‘It's the must-see exhibition in Berlin of the moment. The doors opened on 15 October and the papers have already hailed it 'the premier exhibition on Adolf Hitler'. It attracted 10, 000 visitors on its first weekend. On 22 October, one week later, the exhibition's entrance hall is still packed. I continue undeterred, jostling my way along here and there. I'm taken through Hitler's youth and his watercolours, Hitler in Bavaria, the beer hall putsch of 1923, Mein Kampf ('My Struggle', 1925). Until this point the focus has been placed on the life of young Adolf, an artist coming back from the war frustrated. Then it turns to the 1932 elections and onwards, when the focus shifts from Hitler himself to the rise of national socialism, followed by the outbreak of war, conquests, total war and downfall.
Taking stock as a Frenchman, the need to illustrate and talk about this black episode in German history is unquestionable. In taking on this task the German history museum (Deutsches Historisches Museum) proves itself to be an excellent and exceptionally well illustrated open history book. I can only be delighted that the crowds are coming here in numbers. The museum wavers between two possible strategies. On the one hand the name ‘Hitler’ can always be counted on to attract the crowds. It's worth taking the risk of saying that it's the first exhibition to truly focus on the figure of Hitler. But it’s evidently risky and lends itself to being exploited and hijacked if the focus is exclusively on Hitler. Therefore the strategy is to approach the subject more broadly. The visitor leaves with somewhat mixed feelings: people who come thinking they will see something really new might find themselves disappointed. In my opinion the exhibition in itself doesn't really allow us to find out how Hitler with his charismatic personality managed to convince part of the German population to engage in the dreadful undertakings between 1933 - 1945. But it has at least generated good press. Its success is enough to prove that fascination with the person that was Adolf Hitler is still an active phenomenon.’
‘I'd barely set foot in the German history museum and he was there, among others in the crowd. In the next room there he was again, his face on all the walls. I was immediately struck with disgust as I stood face to face with him. The disgust worsened as I came upon his writing, notes and watercolours. It’s an example of human creativity that turns into something diabolical. The mounting disgust became still greater when I reached a child's birthday greetings for 'Hitlerchen' (little Hitler), the diminutive nickname for Hitler. It’s one small but evocative example of the power of the propaganda machine that Hitler created in his country. It is even clearer in the exhibition room next door, where the little man appears in a video from the time. The exhibition underlines the extraordinary magnetism that he had for the German people.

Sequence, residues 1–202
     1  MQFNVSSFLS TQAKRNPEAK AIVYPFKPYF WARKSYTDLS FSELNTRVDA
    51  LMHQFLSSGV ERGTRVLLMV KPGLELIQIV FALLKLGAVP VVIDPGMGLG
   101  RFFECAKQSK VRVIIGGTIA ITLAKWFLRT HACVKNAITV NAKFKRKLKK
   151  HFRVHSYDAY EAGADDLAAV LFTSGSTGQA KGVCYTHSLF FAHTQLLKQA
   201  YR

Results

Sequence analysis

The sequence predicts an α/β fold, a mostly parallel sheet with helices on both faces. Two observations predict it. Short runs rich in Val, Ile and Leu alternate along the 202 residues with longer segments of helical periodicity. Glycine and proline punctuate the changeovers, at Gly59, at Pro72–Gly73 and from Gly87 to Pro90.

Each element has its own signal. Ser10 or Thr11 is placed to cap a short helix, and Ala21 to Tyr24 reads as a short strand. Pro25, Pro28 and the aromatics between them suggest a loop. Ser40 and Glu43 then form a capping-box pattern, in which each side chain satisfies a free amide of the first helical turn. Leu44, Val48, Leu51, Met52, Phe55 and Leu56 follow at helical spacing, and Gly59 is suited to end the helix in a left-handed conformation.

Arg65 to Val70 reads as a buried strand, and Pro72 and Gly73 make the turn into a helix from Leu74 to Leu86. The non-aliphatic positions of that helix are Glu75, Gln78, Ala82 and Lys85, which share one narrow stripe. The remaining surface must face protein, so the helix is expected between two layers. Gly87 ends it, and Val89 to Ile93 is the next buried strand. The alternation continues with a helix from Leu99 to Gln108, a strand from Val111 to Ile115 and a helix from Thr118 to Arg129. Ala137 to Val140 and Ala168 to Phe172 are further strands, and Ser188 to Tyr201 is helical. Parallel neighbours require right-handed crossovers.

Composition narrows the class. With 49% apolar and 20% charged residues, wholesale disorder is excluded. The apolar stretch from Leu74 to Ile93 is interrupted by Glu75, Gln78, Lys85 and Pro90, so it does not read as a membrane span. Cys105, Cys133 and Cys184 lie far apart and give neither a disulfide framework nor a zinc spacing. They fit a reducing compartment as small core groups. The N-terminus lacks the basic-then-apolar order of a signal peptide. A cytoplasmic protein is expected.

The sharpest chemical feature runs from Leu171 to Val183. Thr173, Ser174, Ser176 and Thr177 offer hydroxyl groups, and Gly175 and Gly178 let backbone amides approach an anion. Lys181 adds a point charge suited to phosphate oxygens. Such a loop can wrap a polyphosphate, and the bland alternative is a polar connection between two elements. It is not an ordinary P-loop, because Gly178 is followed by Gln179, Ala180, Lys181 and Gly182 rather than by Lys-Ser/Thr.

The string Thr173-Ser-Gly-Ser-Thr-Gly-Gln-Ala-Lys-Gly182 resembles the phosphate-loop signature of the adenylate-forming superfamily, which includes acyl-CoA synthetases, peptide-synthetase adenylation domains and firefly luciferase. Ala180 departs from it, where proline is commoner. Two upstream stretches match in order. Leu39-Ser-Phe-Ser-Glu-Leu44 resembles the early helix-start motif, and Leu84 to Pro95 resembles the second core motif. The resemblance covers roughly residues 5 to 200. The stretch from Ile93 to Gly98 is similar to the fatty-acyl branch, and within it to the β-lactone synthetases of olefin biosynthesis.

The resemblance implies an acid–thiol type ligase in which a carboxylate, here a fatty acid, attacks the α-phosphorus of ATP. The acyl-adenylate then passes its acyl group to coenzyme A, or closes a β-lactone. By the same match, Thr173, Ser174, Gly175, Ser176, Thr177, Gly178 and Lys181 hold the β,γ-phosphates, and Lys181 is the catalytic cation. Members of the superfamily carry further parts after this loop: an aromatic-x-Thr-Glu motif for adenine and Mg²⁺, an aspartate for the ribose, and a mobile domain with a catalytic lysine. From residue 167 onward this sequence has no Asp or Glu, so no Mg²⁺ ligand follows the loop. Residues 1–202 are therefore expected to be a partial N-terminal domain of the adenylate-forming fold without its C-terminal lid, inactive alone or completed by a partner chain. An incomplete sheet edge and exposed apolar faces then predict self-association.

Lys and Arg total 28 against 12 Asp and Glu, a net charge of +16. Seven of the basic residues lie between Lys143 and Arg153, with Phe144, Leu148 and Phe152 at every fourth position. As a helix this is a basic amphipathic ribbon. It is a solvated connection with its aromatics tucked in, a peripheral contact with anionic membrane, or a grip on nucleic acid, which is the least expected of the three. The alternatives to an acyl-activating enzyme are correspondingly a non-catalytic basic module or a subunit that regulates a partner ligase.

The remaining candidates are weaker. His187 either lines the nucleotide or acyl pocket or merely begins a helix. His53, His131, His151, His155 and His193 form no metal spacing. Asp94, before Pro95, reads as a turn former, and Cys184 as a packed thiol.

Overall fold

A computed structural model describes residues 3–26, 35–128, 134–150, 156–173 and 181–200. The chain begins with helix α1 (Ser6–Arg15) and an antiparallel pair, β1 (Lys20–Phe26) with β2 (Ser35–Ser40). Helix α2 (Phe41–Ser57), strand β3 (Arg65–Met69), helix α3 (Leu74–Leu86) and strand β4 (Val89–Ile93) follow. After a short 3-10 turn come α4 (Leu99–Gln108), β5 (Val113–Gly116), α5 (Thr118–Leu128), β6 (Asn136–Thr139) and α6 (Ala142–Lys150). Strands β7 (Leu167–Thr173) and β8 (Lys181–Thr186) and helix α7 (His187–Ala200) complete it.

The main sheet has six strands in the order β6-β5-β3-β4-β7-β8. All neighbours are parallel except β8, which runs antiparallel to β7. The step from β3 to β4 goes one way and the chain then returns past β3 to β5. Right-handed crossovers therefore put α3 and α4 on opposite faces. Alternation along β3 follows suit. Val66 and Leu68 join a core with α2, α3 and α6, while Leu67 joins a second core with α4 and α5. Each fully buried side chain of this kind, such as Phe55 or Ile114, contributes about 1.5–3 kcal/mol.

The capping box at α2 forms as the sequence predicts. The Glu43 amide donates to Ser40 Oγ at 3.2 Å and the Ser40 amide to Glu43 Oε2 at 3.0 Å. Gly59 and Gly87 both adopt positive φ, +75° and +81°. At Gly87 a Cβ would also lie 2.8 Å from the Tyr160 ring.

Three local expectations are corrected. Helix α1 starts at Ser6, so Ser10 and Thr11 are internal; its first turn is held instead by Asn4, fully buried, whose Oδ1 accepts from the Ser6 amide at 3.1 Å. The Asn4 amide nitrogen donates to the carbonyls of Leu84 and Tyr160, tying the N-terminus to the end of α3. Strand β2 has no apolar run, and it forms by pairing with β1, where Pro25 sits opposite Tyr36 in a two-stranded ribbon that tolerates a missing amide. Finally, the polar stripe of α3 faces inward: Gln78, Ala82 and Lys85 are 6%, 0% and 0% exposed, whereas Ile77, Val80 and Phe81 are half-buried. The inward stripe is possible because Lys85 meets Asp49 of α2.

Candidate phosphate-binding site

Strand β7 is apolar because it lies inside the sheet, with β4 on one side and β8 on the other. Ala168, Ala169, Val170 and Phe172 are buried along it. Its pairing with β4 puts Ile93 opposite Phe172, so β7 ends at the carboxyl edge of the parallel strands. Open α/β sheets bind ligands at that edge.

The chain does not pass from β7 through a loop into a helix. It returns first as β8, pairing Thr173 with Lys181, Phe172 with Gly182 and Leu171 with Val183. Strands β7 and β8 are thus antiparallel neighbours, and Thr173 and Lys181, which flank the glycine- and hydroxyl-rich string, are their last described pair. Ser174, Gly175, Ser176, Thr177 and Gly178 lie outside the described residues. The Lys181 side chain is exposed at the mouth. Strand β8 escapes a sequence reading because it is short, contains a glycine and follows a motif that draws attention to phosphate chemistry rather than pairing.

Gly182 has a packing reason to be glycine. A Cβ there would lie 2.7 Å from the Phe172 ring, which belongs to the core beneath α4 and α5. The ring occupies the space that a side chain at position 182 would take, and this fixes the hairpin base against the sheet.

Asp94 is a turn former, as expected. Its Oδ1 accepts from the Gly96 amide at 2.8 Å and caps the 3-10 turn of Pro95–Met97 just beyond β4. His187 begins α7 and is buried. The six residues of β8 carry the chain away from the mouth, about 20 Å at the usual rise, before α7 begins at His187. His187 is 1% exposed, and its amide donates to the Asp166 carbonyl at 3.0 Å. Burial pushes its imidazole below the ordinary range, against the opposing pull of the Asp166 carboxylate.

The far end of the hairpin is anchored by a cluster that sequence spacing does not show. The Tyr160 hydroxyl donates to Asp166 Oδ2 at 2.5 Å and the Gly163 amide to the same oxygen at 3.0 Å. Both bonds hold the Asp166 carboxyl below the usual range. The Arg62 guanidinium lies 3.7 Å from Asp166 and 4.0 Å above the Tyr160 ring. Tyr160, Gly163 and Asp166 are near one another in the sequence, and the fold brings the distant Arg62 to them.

A few steps away are two sceptres inlaid with gold. The Führer has instilled his lust for power in them, symbols of the bloody and disastrous soul of nazism. I feel the urge to exorcise myself and my thoughts end up wandering to Willy Brandt, chancellor of the new West Germany (1969 - 1974). I remember his interview with the celebrated Italian journalist Oriana Fallaci in September 1973. He demonstrated how democracy and social stability can outstrip the horrors of the nazi era. In the final room the diabolical face is gone. His car remains and the men of his regime are brought before the international tribunal in Nuremberg. There is relief for us standing before this image, proof that the abuse of power can sometimes be brought to justice.’
‘For days the small flat screen displays in the U-Bahn (the underground in Berlin) have been showing one thing: the banners for Hitler and the Germans, the latest German history museum exhibition. Now it's time to find out for myself. Given the length of the queue, it does of course go through my mind that the PR director might have used the image of Hitler to attract the public.
But once inside it's by no means a psychosociological study of Hitler's influence on society that awaits us. Instead it's an exhibition about how nazi propaganda was embedded throughout all classes of society. One of the display cases exhibits uniforms tailored for each level within the authorities of the time. The notice indicates ‘Open neck 'field' shirt for the Waffen-SS division, police officers with the kepi' (Feldbluse mit offenem Kragen für Mannschaften der Waffen-SS, Wachtmeister der Polizei-Division, dazu Schirmmütze). Among the exhibits are numerous historical sources: letters addressed to Hitler, puppets, pines, children's drawings and photo albums full of images of the deportation of Jews. 'The crème de la crème of the chosen people,’ reads the detestable scrawl beneath the clichés. It's through this sort of material that the visitor really feels like they are getting inside the heads of the people of the time. But it doesn't leave us with a clear answer to the question that people generations later are asking themselves: how can all of this have been possible?
I leave with the impression that the exhibition hasn't opened up many new perspectives for me as a German. Similar content is on display in the permanent and special exhibitions of the Topography of Terror documentation centre on the former site of the SS headquarters, in the permanent exhibition in the Jewish Museum Berlin and in numerous other exhibitions on sites linked with the memory of the nazi dictatorship. The exhibition will be interesting for tourists and young visitors, so the museum has fulfilled its mission to educate.’
The exhibition runs until 6 February 2011